Engineering sees UK resurgence, says Institution of Mechanical Engineers.
IMechE reaches 100,000 members.
A surge in applications for engineering degrees and a historic milestone for one of the UK’s oldest engineering institutions are signs of a much-needed resurgence in the profession, says the Institution of Mechanical Engineers.
Stephen Tetlow, Chief Executive of the 164-year old Institution of Mechanical Engineers, said: “The country of Brunel, Stephenson and Whittle is witnessing a much-needed resurgence in engineering. It is more popular among British students than ever and the growth of engineering-based industries, such as UK car manufacturing, is proving to be one of the few bright spots in an otherwise gloomy economic backdrop.
“Yet we cannot be complacent. Engineers play an increasingly vital role in almost every major industry, from medicine to energy, yet the UK still needs 19,000 extra engineering graduates every year over the next five years to meet future demand for engineering jobs.
“The Institution of Mechanical Engineers’ membership reaching 100,000 is an historic milestone and an important signal that the engineering profession is growing in size and stature.”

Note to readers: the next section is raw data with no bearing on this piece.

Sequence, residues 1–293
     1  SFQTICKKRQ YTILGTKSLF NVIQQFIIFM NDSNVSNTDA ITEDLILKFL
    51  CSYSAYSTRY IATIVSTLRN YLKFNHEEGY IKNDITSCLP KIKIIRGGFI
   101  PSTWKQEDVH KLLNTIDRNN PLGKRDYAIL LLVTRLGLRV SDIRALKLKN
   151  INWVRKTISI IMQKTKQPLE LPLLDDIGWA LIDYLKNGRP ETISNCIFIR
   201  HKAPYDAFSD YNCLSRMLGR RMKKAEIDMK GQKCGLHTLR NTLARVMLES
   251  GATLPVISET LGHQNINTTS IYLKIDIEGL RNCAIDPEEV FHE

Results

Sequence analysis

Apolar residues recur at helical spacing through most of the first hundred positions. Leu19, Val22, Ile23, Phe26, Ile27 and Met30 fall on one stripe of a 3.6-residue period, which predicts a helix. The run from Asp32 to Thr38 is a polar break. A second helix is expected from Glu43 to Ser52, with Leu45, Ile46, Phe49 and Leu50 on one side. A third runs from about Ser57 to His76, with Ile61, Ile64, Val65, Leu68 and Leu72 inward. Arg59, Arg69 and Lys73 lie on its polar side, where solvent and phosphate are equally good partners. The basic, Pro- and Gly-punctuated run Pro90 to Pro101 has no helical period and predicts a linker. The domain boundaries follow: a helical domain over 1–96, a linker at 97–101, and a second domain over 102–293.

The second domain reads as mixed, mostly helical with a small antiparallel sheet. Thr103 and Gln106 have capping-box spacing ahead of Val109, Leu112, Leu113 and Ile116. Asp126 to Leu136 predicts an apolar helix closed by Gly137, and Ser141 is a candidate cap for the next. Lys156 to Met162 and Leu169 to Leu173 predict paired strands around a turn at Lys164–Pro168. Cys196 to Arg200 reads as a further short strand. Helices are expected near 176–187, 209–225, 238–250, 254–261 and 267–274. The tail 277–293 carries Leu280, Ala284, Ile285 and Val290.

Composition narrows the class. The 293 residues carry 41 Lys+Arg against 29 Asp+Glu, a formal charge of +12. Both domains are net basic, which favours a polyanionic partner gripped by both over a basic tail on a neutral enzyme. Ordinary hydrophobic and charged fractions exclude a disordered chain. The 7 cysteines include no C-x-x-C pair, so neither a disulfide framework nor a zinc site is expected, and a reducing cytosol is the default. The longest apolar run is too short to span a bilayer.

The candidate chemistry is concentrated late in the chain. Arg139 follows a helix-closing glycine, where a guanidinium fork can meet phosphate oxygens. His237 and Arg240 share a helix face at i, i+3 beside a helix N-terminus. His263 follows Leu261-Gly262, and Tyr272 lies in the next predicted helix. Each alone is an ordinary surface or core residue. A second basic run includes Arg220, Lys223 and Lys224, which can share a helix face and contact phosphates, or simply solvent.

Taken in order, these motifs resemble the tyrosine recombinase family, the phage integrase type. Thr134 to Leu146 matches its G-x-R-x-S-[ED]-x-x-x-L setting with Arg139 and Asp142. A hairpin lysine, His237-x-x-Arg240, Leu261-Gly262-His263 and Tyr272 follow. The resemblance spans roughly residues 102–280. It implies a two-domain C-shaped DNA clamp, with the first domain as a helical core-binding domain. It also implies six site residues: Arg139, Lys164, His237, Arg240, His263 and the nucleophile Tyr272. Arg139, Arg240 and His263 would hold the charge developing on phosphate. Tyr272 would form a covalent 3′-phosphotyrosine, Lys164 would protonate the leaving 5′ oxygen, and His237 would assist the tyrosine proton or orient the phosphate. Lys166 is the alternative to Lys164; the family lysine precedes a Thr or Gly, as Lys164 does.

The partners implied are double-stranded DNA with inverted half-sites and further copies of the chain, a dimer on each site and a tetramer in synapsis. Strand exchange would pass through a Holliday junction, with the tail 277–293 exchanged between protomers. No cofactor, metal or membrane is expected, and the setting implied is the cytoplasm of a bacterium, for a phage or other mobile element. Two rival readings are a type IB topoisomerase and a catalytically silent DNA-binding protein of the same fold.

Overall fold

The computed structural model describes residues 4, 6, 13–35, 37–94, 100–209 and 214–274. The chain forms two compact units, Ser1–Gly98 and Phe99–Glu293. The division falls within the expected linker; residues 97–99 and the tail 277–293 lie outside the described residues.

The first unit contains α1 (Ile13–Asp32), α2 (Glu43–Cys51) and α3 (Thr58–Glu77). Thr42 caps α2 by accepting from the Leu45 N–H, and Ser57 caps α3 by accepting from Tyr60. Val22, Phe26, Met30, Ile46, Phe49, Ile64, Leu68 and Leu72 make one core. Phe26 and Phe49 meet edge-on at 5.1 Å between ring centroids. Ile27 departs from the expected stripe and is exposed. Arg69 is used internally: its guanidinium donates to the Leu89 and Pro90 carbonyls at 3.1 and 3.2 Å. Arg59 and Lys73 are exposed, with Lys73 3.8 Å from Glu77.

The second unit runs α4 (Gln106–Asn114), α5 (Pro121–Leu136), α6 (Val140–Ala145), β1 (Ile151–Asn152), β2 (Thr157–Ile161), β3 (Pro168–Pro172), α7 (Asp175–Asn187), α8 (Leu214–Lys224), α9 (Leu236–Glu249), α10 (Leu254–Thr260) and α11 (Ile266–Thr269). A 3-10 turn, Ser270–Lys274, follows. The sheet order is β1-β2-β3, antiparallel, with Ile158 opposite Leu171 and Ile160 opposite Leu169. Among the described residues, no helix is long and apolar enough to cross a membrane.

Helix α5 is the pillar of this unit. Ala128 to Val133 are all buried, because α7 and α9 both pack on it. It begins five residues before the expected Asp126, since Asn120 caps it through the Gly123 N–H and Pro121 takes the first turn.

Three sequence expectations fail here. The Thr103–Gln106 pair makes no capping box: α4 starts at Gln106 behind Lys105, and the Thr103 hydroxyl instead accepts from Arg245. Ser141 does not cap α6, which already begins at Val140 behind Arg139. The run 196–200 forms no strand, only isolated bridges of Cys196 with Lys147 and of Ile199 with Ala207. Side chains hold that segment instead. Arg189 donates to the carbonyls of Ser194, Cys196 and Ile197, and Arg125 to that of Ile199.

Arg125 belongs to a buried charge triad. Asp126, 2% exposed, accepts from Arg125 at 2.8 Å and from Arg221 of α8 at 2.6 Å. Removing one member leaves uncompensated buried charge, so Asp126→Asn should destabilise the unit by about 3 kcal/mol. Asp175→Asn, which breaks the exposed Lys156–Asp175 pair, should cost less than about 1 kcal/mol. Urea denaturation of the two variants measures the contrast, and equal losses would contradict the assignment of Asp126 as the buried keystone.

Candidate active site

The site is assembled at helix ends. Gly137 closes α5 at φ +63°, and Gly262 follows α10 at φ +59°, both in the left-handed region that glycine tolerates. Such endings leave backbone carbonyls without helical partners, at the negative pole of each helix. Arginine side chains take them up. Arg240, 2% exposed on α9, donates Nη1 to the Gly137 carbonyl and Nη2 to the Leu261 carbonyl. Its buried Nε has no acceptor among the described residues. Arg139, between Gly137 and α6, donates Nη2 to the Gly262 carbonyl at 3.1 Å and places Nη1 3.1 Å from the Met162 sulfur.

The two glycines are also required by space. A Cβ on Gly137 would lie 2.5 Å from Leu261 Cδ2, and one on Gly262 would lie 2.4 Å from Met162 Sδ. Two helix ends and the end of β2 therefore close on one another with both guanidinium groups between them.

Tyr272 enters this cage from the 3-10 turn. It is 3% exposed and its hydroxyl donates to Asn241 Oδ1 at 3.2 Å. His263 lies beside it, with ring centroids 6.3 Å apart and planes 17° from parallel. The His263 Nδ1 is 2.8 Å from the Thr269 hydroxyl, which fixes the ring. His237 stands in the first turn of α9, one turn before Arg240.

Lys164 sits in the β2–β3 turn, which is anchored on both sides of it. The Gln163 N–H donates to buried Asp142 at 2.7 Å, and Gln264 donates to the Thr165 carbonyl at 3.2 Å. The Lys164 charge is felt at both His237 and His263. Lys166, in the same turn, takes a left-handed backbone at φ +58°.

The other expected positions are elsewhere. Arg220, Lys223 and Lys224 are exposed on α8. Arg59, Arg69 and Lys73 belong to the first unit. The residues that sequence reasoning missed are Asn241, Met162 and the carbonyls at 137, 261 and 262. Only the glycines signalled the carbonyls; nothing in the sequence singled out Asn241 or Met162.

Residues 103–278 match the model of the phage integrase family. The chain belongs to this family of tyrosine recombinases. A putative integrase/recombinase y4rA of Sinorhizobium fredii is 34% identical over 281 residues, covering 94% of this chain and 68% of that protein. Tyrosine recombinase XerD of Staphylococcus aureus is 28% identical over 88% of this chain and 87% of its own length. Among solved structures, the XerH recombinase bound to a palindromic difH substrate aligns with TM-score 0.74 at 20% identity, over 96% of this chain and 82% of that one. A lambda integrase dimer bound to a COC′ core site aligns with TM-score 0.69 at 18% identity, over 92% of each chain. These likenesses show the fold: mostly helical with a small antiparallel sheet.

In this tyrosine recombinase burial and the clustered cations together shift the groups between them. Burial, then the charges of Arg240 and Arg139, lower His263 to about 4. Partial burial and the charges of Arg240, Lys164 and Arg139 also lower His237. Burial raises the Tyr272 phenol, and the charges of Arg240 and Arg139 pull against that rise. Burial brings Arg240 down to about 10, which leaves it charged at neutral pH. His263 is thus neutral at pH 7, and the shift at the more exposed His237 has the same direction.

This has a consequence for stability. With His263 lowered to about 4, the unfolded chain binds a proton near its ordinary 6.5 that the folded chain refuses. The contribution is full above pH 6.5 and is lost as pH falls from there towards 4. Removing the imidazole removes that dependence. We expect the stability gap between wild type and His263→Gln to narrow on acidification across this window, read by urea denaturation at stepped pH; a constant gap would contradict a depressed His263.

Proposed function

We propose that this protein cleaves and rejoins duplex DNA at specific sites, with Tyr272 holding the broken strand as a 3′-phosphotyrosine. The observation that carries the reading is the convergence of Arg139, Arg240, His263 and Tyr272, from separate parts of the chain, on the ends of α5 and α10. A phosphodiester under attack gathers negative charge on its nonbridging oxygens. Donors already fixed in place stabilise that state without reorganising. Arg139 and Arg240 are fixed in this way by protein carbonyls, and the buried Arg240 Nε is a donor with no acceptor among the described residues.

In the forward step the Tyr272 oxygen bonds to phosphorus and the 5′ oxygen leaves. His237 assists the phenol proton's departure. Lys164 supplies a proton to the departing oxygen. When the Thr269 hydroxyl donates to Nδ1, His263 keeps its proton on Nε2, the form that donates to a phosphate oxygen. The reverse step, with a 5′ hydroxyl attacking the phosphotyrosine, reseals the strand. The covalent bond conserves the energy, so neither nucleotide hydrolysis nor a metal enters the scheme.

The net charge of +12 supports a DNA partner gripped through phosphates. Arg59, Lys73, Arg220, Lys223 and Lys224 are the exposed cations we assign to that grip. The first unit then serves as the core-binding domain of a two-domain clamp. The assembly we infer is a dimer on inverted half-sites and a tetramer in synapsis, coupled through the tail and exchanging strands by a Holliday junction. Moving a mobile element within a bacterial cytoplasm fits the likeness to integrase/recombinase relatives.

An analysis of UCAS figures by the Institution shows a surge in applicants to engineering subjects since the 2008 financial crisis. There was a 35% rise in prospective students choosing engineering subjects in 2010 from 2007 levels, with mechanical engineering the most popular engineering discipline. More students are now choosing engineering than law, languages or teaching.
The latest preliminary UCAS figures for 2012 applications – the year in which tuition fees will rise to up to £9,000 – show a slight decrease in engineering applications of 1.8%. This is, however, a smaller decrease than all but three other single subject areas, and well short of the average drop of 6%. The final UCAS figures will be released at the end of this month.
County Antrim engineer Nicola McClatchey was named as the 100,000th member of the Institution of Mechanical Engineers, which has grown from 75,000 members in 2007 – an increase of 33% in five years.